FOREX-Dollar tries out firmer ground, choppy times ahead

* Choppiness expected but with lack of much direction

* Euro has scope to fall to $1.3775 after balking at $1.4000

By Charlotte Cooper and Masayuki Kitano

TOKYO, Oct 19 (BestGrowthStock) – The dollar gingerly tested firmer
ground on Tuesday after a bout of choppiness and players did not
rule out an eventual 1.5 cent retreat by the euro if some long
positions grew stale and unwound ahead of expected U.S. easing.

With quantitative easing from the Federal Reserve now well
priced-in ahead of its Nov. 2-3 meeting, currencies have broken
higher ground against the dollar, with the euro topping $1.4160
last week and the Australian dollar testing parity.

But squeezing out more gains is likely to be tough until the
market sees how sizeable QE will be, with one trader saying, for
Tuesday at least, that short-term players were simply flipping
positions within tight ranges.

The euro has failed to clear $1.4000 again since Friday’s
surge above $1.4100 and this was seen as a caution by some that
more long euro/short dollar positions could unwind, with the
euro’s Oct. 12 low of $1.3775 (EUR=: ) seen as a possible target.

“I think we will see a pull-back in the euro in the near
term,” said a Japanese brokerage house trader, noting that there
could be more short-covering in the dollar after the recent
build-up of short dollar positions.

“The market probably has gone as far as it can go based on
the factors in the United States.”

The euro dipped 0.2 percent to $1.3900, well below Friday’s
eight-month high. Initial support is expected at $1.3825, with
resistance up at $1.40 and a move above $1.4050 needed to restart
its rally.

But as traders play a waiting game, even moves down might not
be sustained for long, with macro funds ready to buy as
currencies fall against the dollar, said Robert Ryan, FX
strategist at BNP Paribas in Singapore.

“Some positions will have been chopped over the past two days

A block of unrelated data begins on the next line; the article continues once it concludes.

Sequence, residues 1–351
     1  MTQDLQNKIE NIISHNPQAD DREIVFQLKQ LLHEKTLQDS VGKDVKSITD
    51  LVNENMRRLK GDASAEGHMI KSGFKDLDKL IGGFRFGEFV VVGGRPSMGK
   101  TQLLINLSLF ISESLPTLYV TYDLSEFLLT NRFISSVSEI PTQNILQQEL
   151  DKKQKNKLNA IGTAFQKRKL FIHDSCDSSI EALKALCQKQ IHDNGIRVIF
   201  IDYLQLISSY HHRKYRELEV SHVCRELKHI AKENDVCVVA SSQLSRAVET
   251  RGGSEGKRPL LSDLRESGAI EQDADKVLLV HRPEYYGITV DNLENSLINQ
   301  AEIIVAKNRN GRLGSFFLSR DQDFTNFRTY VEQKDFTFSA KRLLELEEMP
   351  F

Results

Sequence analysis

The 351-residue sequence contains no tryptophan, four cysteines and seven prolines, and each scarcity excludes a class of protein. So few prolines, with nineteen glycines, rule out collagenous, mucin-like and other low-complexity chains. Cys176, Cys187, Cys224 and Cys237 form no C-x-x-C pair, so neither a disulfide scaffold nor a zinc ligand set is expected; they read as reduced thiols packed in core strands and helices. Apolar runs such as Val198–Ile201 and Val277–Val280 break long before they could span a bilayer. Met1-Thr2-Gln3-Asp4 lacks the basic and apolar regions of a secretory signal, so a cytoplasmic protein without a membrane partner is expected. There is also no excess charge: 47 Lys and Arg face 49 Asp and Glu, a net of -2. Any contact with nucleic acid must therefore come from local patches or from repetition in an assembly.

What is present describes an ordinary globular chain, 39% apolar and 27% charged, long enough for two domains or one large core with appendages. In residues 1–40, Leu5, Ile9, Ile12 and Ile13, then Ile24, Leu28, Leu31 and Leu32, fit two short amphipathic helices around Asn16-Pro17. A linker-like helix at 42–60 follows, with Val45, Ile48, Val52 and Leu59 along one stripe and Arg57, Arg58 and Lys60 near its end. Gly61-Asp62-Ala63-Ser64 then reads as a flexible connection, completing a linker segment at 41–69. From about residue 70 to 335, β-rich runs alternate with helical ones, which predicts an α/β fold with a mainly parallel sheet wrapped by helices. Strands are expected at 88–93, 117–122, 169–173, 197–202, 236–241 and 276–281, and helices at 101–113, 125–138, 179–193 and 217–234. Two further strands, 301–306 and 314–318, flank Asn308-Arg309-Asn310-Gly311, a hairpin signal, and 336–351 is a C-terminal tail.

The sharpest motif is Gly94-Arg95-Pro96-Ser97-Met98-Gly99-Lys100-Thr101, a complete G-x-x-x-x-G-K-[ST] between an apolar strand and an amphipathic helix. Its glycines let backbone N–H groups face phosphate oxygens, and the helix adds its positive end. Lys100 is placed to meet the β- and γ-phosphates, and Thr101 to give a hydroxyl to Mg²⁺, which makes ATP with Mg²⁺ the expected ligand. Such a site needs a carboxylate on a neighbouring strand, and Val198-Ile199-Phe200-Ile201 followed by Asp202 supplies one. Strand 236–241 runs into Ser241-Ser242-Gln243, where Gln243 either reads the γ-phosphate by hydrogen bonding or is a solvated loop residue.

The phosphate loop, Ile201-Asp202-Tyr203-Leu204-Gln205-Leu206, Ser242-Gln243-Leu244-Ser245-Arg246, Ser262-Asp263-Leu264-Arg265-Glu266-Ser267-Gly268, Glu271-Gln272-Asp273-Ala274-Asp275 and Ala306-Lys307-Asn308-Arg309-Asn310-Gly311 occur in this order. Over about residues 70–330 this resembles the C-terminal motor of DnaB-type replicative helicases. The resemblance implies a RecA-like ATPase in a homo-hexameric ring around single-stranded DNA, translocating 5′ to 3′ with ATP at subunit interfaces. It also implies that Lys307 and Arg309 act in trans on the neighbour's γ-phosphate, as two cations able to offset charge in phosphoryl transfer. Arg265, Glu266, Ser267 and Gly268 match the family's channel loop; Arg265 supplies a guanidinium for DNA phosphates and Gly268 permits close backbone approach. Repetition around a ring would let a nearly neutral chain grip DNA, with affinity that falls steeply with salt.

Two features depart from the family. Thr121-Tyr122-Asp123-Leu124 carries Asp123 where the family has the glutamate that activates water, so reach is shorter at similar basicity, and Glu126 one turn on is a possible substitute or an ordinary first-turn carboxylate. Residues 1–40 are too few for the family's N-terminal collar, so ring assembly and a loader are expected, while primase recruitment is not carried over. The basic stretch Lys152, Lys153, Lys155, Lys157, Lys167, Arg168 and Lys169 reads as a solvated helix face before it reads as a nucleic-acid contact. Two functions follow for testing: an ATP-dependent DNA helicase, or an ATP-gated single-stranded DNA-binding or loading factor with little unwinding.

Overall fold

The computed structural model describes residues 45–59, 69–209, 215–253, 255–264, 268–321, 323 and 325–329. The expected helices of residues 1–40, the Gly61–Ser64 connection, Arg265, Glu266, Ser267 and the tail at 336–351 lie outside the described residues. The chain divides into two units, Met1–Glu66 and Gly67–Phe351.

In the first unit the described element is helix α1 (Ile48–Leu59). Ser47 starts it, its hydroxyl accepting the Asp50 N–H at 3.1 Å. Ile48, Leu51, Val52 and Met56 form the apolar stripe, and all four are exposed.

but it seems there’s more support on the downside.”

Treasury Secretary Tim Geithner gave a brief fillip to the
dollar after he said the United States would not engage in dollar
devaluation and needed to work hard to preserve confidence in a
strong dollar. [ID:nN18287076]


Analysts said the comment had little lasting impact beyond
reassurance from the United States for investors to maintain
confidence in the dollar as the world’s reserve currency, after
the greenback’s fall of the past few months, and as tensions stir
ahead of meetings of the G20 on talk of competitive devaluations.

“You can imagine that the U.S. might think it’s time to say
or do something which helps stabilise the dollar for the near
term,” said Greg Gibbs, currency strategist at Royal Bank of
Scotland in Sydney.

The dollar index (Read more about the global trade. ) (=USD: )(.DXY: ) firmed 0.4 percent to 77.403.
Technical analysts say it needs to extend above its Oct. 12 high
of 77.93 to signal a short-term bottom is in place after Friday’s
10-month trough of 76.144.

The dollar edged up 0.3 percent against the yen to 81.52 yen
(JPY=: ), creeping further away from a 15-year low of 80.88 hit
last week and a record low of 79.75 set in 1995.

Earlier in the day, there was talk of dollar selling by
Japanese exporters at levels near 81.30 yen.

The Nikkei business daily said major Japanese manufacturers
were planning to lower their assumed dollar/yen exchange rates
for the fiscal second half to around 80 to 85 yen.

Japan’s third-largest life insurer, Meiji Yasuda Life, said
it planned to increase its foreign bond holdings by 200 billion
yen ($2.5 billion) in October-March. The insurer also said it
planned to raise its holdings of foreign shares, including from
emerging markets, by 50 billion yen during that period.

The Australian dollar (AUD=D4: ) fell 0.5 percent to $0.9846,
correcting further after charging to parity with the U.S. dollar
on Friday.


For Aus GDP graphic


It initially firmed after the Reserve Bank of Australia’s
minutes from its Oct. 5 meeting said the arguments to hold or
hike rates were finely balanced, but later gave up the gains.

The RBA, which has been raising rates while the United States
and other developed economies have been looking to ease, judged
it had the flexibility to keep rates unchanged in October as a
rising local dollar tightened monetary conditions, while domestic
credit growth remained weak and global growth uncertain.
($1=81.26 Yen)
(Contribution by Reuters FX analyst Krishna Kumar in Sydney;
Editing by Edmund Klamann)

FOREX-Dollar tries out firmer ground, choppy times ahead